Vitamin C as an ascorbate is an essential nutrient required for metabolic reactions. Vitamin C is an effective antioxidant, an ascorbate peroxidase substrate, an enzyme cofactor for the biosynthesis of many biochemicals and an electron donor for enzymes. The pharmacophore of vitamin C is the ascorbate ion. When L-ascorbate is a strong reducing agent carries out its reducing function, it is converted to its oxidized form, L-dehydroascorbate that then be reduced back to the active L-ascorbate form in the body by enzymes and glutathione. L-ascorbate is a weak sugar acid structurally related to glucose, which naturally occurs either attached to a hydrogen ion (ascorbic acid), or to a mineral ion (a mineral ascorbate). The biological halflife for vitamin C is about 30 minutes in blood plasma. •
Vitamin C is essential in the human body for collagen formation and helps maintain the integrity of substances of connective tissue, osteoid tissue, blood vessels, lymphatic tissue and dentin. Vitamin C is an important welltrient for the formation of collagen protein (the connective substance in all cells, the glue for specialized tissues that hold us together, such as skin, cartilage, tendon and bone). Vitamin C helps speed up the healing of wounds and healthy cell developement, antihistamine action, maintains strength in blood vessels, fights bacterial and viral infections, promotes formation of hemoglobin, diuretic action on body cells, aids in the metabolism of the amino acids, phenylalanine tyrosine and tryptophan, helps the adrenals in the secretion of hormones.
Vitamin C as an antioxidant, helps defend cells from the effects of smoke, pollution and other highly reactive substances called free radicals. In production of red blood cells, preventing hemorrhaging and in fighting bacterial infections. It's need is increased by physical stress. Promotes resistance to infections. Serves as an antioxidant and may help protect against certain cancers, cataracts and heart disease.
Studies report that individuals with Type 2 diabetes have low plasma ascorbic acid levels, not due to inadequate dietary intake but a consequence of the disease itself. Glucose and ascorbic acid are similar in chemical structures, and utilize a common cellular transport pathway. Since individuals with diabetes usually have elevated blood glucose levels, the competition between glucose and ascorbic acid for transport into cells may cause a deficiency of ascorbic acid within various tissues and organs.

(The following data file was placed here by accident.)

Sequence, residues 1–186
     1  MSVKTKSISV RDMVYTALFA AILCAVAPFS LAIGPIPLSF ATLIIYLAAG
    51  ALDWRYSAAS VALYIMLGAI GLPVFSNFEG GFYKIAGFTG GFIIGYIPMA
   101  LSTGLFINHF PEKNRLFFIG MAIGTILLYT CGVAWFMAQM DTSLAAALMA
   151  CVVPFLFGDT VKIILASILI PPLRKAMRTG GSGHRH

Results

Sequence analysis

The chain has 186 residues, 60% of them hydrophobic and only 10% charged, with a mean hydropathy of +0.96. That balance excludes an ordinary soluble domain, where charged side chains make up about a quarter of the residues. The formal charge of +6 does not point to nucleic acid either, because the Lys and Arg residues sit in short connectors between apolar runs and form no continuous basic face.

May help protect the body against harmful effects of excess; alcohol, cadmium, lead, nitrates, vanadium, PCBs and other pesticides, and chlorine.
In Studies: It has been hypothesized that elevated blood glucose levels may cause inadequate levels of ascorbic acid in leukocytes, upset inflammatory response mechanisms, and negatively impact the immune system and healing capabilities in patients with diabetes. Vitamin C as an ascorbate is an essential nutrient required for a range of essential metabolic reactions. Vitamin C is a highly effective antioxidant, a substrate for ascorbate peroxidase, an enzyme cofactor for the biosynthesis of many important biochemicals, an electron donor for enzymes.
History: In 1912, the Polish-American biochemist Casimir Funk, while researching deficiency diseases, developed the concept of vitamins to refer to the nutrients which are essential to health. Then, from 1928 to 1933, the Hungarian research team of Joseph L Svirbely and Albert Szent-Györgyi and, independently, the American Charles Glen King, first isolated vitamin C and showed it to be ascorbic acid.
Technicals: Antioxidant action, protects many other valuable welltrients such as thiamine, riboflavin, vitamins A and E, and pantothenic acid against damage from oxidation. Aids in absorption of iron from intestinal tract. Converts folic acid to folinic acid.
Sources: Red sweet pepper, Green pepper, Parsley, Cauliflower, Broccoli, regular Cabbage, Romaine lettuce, Brussels sprouts, Spinach, Tomatoes, Celery, Watermelon, Green Beans, green vegetables, onions, tomatoes, radishes, rose hips and fresh fruits (especially citrus), berries.
Synergist: All vitamins and minerals, calcium, magnesium.
Signs or Symptoms of a Deficiency: Scurvy, in adults, fatigue, aching bones, joints, and muscles, perifollicular hemorrhages, bleeding gums, failed wound healing. In infants and elderly, bone changes, bleeding gums, anemia.
Skin bruising; bleeding gums, shortness of breath; impaired digestion, joint pains.
Increased healing time of surface wounds.
Breaks in capillary walls resulting in clots.
Excessive hair loss.
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